More recently, Dijkstra has built upon her revelatory work in video from the mid-1990s. In The Buzz Club, Liverpool, UK/Mystery World, Zaandam, NL (1996–97) and The Krazyhouse (Megan, Simon, Nicky, Philip, Dee), Liverpool, UK (2009), Dijkstra filmed teenage habituées of local clubs dancing to their favorite music. Presented as multichannel video installations, these works showcase their subjects' teen personas and methods of self-expression, revealed in how they style themselves and in the movements of their bodies. Two video works made in 2009 at Tate Liverpool expand the artist's interest in the empathic exchange between photographer and subject to include the affective response to artworks. In I See a Woman Crying (Weeping Woman) (2009), a group of schoolchildren engage with art, discussing their perceptions of and reactions to a work by Pablo Picasso, while Ruth Drawing Picasso (2009) shows a girl pensively sketching a masterwork.

The retrospective draws from each of Dijkstra's series of work. The presentation at the Guggenheim will be installed in a loosely chronological order in all four of the museum's Annex galleries, on multiple levels of the building. Dijkstra's video work will be fully integrated into the presentation.

Dijkstra was born in Sittard, the Netherlands, in 1959. She studied photography at the Gerrit Rietveld Academie in Amsterdam from 1981 to 1986. Since her first solo exhibitions, at de Moor in Amsterdam in the early 1980s, Dijkstra has shown at the Sprengel Museum Hannover (1998); the Herzliya Museum of Art, Israel, and MACBA, Barcelona (1999); the Art Institute of Chicago and ICA Boston (2001); and the Stedelijk Museum, Amsterdam (2005), in an exhibition that traveled to several venues, including the Jeu de Paume, Paris; Fotomuseum Winterthur, Switzerland; Fundació la Caixa, Barcelona; and the Galerie Rudolfinum, Prague. Dijkstra has also exhibited widely in group shows, including the Venice Biennale (1997 and 2001), the Bienal de São Paulo (1998), and the Triennial of Photography and Video at the International Center of Photography, New York (2003), among many others. She has received wide recognition and numerous awards for her work, including the Kodak Award Nederland, the Art Encouragement Award Amstelvee, the Werner Mantz Award, and the Citibank Private Bank Photography Prize.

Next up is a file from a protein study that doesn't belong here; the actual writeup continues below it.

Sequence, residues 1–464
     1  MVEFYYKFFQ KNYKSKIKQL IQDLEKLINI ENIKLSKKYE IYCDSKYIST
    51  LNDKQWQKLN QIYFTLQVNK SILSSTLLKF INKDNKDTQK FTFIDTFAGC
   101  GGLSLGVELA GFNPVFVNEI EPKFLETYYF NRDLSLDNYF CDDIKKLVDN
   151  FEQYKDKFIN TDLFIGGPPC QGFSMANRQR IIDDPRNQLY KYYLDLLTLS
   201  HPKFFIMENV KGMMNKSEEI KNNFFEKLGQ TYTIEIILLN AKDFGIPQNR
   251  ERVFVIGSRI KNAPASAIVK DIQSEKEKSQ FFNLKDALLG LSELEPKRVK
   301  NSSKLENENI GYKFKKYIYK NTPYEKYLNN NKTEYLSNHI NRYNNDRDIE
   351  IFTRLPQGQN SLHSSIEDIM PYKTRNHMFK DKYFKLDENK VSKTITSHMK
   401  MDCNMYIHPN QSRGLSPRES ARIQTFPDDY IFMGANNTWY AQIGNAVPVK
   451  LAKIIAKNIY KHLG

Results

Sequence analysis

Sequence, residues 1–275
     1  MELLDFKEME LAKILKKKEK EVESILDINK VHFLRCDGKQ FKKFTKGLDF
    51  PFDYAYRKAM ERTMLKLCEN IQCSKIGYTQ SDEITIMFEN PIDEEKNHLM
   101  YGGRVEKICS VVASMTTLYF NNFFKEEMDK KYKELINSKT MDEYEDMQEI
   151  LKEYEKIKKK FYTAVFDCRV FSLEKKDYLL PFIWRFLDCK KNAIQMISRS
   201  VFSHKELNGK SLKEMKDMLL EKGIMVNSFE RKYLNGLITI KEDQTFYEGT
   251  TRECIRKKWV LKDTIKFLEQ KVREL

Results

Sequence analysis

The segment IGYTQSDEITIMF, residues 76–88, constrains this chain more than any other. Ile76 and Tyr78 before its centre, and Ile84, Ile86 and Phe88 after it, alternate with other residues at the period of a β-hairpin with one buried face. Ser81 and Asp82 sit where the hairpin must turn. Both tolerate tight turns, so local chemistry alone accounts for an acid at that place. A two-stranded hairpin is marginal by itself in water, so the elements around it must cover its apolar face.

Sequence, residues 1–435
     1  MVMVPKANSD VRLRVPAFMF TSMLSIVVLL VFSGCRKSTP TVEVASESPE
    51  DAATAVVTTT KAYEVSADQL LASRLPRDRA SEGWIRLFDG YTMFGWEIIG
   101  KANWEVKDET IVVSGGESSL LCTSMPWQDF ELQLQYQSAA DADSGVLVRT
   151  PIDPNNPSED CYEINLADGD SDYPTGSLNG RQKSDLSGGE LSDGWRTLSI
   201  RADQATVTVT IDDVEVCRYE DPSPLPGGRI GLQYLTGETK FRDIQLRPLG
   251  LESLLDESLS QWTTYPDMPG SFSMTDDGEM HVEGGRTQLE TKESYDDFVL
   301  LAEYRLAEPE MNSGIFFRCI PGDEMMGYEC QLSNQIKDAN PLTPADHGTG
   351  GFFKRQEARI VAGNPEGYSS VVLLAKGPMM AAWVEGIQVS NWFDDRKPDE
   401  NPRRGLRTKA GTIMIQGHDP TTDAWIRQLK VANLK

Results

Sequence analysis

Rineke Dijkstra: A Retrospective will be accompanied by a fully illustrated catalogue featuring essays by the exhibition's cocurators, Jennifer Blessing and Sandra S. Phillips, as well as an interview with the artist, texts about various bodies of work, and interviews with several of Dijkstra's portrait subjects, along with her most comprehensive exhibition history and bibliography to date. Designed by the Dutch firm Mevis & van Deursen, this 260-page catalogue will feature 137 color plates and 47 text illustrations in both color and black and white and will be available in hardcover and softcover editions for $55 and $35, respectively. It is published by the Guggenheim Museum and distributed to the trade in the United States by D.A.P. Catalogues are available at the Guggenheim Store and online at

Education and Public Programs
A range of public programs will be presented in conjunction with Rineke Dijkstra: A Retrospective. Details may be found on Highlights include:

Guided Tours
Free with museum admission.

Curator's Eye
Led by exhibition curators
Fri, July 6, 2 pm: Jennifer Blessing
Fri, Aug 24, 2 pm: Susan Thompson

Conservator's Eye
Led by museum conservators
Fri, Sept 28, 2 pm: Jeffrey Warda

Elaine Terner Cooper Education Fund: Conversations with Contemporary Artists
Rineke Dijkstra and Paul Graham
Tues, July 17, 6:30 pm
On the occasion of her retrospective, Rineke Dijkstra joins Paul Graham, the winner of the 2012 Hasselblad Award, to speak about shared artistic concerns and distinct critical practices in image making. Moderated by Jennifer Blessing, Senior Curator, Photography. Reception follows. $10, $7 members, free for students with RSVP. For tickets, visit or call the Box Office at 212 423 3587.

Empathy, Affect, and the Photographic Image
Fri, Sept 21, 4 pm